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Researchers Invent “Google” for Disease

By Anupriya Singhal, Crimson Staff Writer

A research team lead by scientists at the Broad Institute has developed a new tool that uses unique genetic patterns to link specific illnesses with potential treatments.

Called the Connectivity Map, the development has already yielded insights into potential treatments for cancer and Alzheimer’s disease, the team reported in the Sept. 28 immediate early edition of Cancer Cell and the Sept. 29 issue of Science magazine.

The researchers have likened the approach to an Internet search engine like Google, which is able to sift through masses of data to find the best match between the attributes of a drug and the symptoms of a disease.

“The analogy is pretty good. In our search box, you can upload a list of genes, and with one click, the analysis is computed,” said Justin Lamb, the lead author of the Science paper and a senior scientist in the Broad Institute’s Cancer program. “The philosophy is also very much the same as a search engine like Google. Our program is free, and it is a tool that can allow scientists to generate information cheaply and fast.”

To build the Connectivity Map, the scientists described the effects of different drugs and diseases using the language of “genomic signatures”—the set of genes that respond to a particular drug or disease with expression level changes. The scientists compiled the genomic signatures of more than 160 drugs and other biologically active compounds.

One key finding suggests a new way to overcome drug resistance in cancer. A scientific team led by Scott A. Armstrong, assistant professor of pediatrics at the Medical School and an investigator at the Dana-Farber Cancer Institute, identified the Food and Drug Administration-approved immunosuppressant drug, rapamycin, as a therapeutic candidate for overcoming drug resistance in a form of human leukemia.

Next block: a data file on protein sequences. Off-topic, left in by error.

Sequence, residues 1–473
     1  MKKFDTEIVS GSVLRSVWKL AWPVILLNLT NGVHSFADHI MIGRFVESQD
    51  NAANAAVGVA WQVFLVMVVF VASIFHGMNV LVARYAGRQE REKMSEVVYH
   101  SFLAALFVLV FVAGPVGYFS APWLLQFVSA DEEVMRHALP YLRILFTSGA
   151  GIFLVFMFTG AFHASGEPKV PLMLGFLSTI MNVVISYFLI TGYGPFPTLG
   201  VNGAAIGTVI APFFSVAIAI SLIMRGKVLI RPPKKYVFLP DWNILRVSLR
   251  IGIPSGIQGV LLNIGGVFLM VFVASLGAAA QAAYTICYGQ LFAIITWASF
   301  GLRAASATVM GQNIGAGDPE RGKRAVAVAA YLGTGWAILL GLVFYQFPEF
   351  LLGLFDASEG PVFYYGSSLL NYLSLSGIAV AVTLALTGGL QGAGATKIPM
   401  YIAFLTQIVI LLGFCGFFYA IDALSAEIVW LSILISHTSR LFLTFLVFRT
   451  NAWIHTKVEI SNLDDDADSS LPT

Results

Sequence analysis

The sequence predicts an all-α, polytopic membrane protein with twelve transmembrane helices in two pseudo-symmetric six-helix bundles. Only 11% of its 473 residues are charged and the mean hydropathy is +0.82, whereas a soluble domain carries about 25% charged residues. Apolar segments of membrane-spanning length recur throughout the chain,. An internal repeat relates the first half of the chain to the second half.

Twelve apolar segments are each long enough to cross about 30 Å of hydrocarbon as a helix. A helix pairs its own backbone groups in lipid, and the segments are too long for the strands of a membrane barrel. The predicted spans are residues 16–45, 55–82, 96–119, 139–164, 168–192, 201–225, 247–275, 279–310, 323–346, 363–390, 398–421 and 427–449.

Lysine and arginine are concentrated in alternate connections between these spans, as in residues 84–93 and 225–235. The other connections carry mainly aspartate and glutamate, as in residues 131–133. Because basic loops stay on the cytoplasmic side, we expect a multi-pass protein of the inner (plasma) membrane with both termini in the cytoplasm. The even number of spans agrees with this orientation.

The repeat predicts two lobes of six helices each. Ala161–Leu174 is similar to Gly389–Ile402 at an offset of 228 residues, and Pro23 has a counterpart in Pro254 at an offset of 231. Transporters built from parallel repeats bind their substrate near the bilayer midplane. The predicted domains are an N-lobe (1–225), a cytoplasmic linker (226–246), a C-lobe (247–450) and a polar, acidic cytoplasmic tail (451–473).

Lamb believes that the map can accelerate the search for new drugs to treat diseases with the support of the scientific community.

“Based on how successful the map seems to be with only 160 drugs, increasing the number of drugs for which we have the necessary information would increase the power of the map greatly,” Lamb said. “We already have the infrastructure in place to expand this resource quickly.”

The Connectivity Map marks another step in an ongoing boom in biomedical genetics research. Earlier this month, a team including Will Parsons, a researcher at Johns Hopkins University and the National Cancer Institute, sequenced the genetic code for human breast and colon cancers.

“Often medicines target particular genetic receptors, rather than giving us any idea about the background complexity of cancer,” Parsons said. “Computational advances in studying gene expression have really allowed us to scale things up and understand the pathways behind groups of genes with similar functions.“

—Staff writer Anupriya Singhal can be reached at asinghal@fas.harvard.edu.

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